Sports & Fitness

An ounce of Prevention

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Smoking harms nearly every organ of the body. It causes most cases of lung cancer and affects the immune system#s functions. It is also linked to fertility reduction and cataracts. The American Medical Association (AMA) reports that a new statement by the Surgeon General says that #the health impact of tobacco use goes far beyond the lungs and other organs traditionally considered

at risk.#

Carcinogens in tobacco smoke damage the genes that control the growth of cells, causing either abnormal growth or harmful rapid reproduction, and smoking is also linked to stomach, cervix and pancreas cancers.

But how are those of us who don#t smoke affected? Smoking goes beyond just the person doing it. Secondhand smoke is the third leading preventable cause of death in the U.S., according to the American Medical Association. Just being exposed to smoke can increase your risk for lung cancer and heart disease and cause serious respiratory problems in children. It#s also being linked to sudden infant death syndrome and low birth weight.

Perhaps one of the most critical areas today is that of teen smoking. Thousands of dollars are spent each year on cigarette advertising and marketing campaigns targeting teens. The Center for Disease Control and Prevention (CDC) reports that the most preferred cigarette brand among ages 12-17, Marlboro, is also one of the three most heavily advertised brands in the U.S. Research has also been done showing the highest levels of advertising occur in places where teens are most likely to visit # at retail stores like gas stations.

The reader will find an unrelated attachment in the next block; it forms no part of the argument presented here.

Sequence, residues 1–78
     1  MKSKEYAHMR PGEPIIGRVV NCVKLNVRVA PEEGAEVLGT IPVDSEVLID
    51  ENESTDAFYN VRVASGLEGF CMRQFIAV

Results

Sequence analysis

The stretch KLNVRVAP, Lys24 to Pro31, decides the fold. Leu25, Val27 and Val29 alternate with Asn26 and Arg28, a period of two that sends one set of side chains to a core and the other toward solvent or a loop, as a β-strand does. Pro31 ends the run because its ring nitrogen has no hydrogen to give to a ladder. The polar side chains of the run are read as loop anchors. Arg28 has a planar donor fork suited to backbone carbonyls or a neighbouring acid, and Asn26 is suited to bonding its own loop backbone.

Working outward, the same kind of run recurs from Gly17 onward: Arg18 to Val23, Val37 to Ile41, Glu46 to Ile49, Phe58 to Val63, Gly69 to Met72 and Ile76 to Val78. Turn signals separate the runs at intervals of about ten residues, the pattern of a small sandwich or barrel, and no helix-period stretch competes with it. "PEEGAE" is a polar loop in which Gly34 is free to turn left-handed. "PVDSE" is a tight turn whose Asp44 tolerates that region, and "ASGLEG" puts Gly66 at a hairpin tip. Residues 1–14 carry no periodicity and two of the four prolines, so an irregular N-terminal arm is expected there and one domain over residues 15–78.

Take a look at these facts

presented by the AMA:

” Nicotine is an addictive drug found in cigarettes.

” Approximately 80 percent of smokers started before they were 18.

” Most teens can buy cigarettes, even though it is illegal in all 50 states to sell to minors.

” Chewing tobacco is not a safe alternative.

Even though leading tobacco companies like Philip Morris have launched campaigns to teach kids about smoking, parents still need to be informed and ensure their kids know the dangers of smoking. Talk to your kids while they#re still young # most who try to smoke are around the age of 11 or 12. Be educated and pass that information on to your teen. They most likely haven#t thought about the cancer or health problems that occur over the years. Let them know that smoking won#t help their self-image, like the showy, glamorous ads try to prove. Give your kids some rules. They need to know you#re concerned about them, and that if they break those rules, consequences follow. And if you smoke, quit. Children of parents that smoke are apt to become smokers also.